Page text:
EUGENE, Ore. -- The Eugene Celebration kicked off its 30th annual run on Friday. Food booths and live music are in abundance at the celebration, but one booth is not serving up the usual street fair favorites.
Will Dixon is a local architect who has an architectural firm in the Whiteaker neighborhood at 300 Blair Boulevard in Eugene.
"You drop a nickel in the can, and ask anything you want about architecture,” said Dixon. He added, “It just costs a nickel, and I'll talk to you for an hour or two."
He ran the “Architect Is In” booth at the Eugene Celebration on Friday. Dixon admitted that he’s not running the booth for the handful of nickels sitting at the bottom of his tin can.
“Some people say, wow, you’ve only made a buck twenty-five, but I don’t think I’ve ever passed out more business cards in my life,” said Dixon. “And about every blue moon, there’s somebody who’s actually really looking for an architect—has a real project. It’s a win, win situation.”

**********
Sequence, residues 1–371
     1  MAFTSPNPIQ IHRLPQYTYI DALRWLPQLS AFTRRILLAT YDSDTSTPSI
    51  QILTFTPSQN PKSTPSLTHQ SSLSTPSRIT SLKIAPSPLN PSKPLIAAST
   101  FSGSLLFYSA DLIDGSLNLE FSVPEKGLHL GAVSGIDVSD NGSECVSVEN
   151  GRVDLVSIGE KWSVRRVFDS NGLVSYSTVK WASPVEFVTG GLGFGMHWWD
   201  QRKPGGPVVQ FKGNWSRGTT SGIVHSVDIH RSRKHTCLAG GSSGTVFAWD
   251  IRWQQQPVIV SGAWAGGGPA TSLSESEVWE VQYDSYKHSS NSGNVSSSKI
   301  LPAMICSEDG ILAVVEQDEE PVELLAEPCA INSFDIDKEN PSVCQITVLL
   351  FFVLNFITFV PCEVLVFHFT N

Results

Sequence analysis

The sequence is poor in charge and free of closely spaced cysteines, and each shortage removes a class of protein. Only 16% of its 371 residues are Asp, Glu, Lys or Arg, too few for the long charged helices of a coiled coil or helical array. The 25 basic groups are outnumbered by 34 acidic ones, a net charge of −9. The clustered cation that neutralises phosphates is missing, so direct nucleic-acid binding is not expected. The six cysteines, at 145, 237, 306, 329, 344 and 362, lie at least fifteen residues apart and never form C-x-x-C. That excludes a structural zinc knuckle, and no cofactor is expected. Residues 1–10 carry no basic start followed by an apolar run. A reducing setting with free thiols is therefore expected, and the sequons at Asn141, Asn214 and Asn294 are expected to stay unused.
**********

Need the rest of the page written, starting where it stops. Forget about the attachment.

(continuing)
Dixon said the days of sitting back and waiting for clients to come to him are over.
“We got to be a lot more proactive now, and I wouldn’t trade it for the world,” said Dixon.
It’s a changing face for his business, said Dixon, gesturing to his hand spray-painted booth made of ply wood. Part of the motivation to build the booth came out of necessity.
“Basically begging for jobs,” he said with a laugh. “I had a good thing going. Everything was going my way until the crash. Half of my projects were put on hold overnight.”
Dixon runs the booth at other events around Oregon and said it has rejuvenated his business over the last four years.
“We’re doing a million dollar house out here on Lorane Highway, and it all started with a nickel,” said Dixon.
Dixon estimated that about half of his clients start with interactions he makes at the “Architect Is In” booth. He said that he’s staying busy enough to run a three-man operation out of his office on Blair Boulevard.
“Kitchen remodel, housing projects and whatever you got going on,” he said. “We like to think of ourselves as the architect of the people—again, taking the stuffiness out of architecture and bringing it to street level.”